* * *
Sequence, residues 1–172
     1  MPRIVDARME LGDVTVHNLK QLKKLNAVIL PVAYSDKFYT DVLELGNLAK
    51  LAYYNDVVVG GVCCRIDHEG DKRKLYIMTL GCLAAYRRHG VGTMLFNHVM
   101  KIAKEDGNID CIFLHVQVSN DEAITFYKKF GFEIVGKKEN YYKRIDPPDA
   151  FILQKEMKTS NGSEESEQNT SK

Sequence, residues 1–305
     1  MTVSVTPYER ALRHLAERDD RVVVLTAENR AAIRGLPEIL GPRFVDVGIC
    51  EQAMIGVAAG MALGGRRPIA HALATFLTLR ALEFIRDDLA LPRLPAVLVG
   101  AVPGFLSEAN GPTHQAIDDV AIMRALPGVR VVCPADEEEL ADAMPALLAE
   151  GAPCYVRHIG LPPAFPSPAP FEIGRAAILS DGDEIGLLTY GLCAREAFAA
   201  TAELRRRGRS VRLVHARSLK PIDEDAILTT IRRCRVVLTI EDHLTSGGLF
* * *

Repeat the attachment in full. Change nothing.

Sequence, residues 1–172
     1  MPRIVDARME LGDVTVHNLK QLKKLNAVIL PVAYSDKFYT DVLELGNLAK
    51  LAYYNDVVVG GVCCRIDHEG DKRKLYIMTL GCLAAYRRHG VGTMLFNHVM
   101  KIAKEDGNID CIFLHVQVSN DEAITFYKKF GFEIVGKKEN YYKRIDPPDA
   151  FILQKEMKTS NGSEESEQNT SK

Sequence, residues 1–305
     1  MTVSVTPYER ALRHLAERDD RVVVLTAENR AAIRGLPEIL GPRFVDVGIC
    51  EQAMIGVAAG MALGGRRPIA HALATFLTLR ALEFIRDDLA LPRLPAVLVG
   101  AVPGFLSEAN GPTHQAIDDV AIMRALPGVR VVCPADEEEL ADAMPALLAE
   151  GAPCYVRHIG LPPAFPSPAP FEIGRAAILS DGDEIGLLTY GLCAREAFAA
   201  TAELRRRGRS VRLVHARSLK PIDEDAILTT IRRCRVVLTI EDHLTSGGLF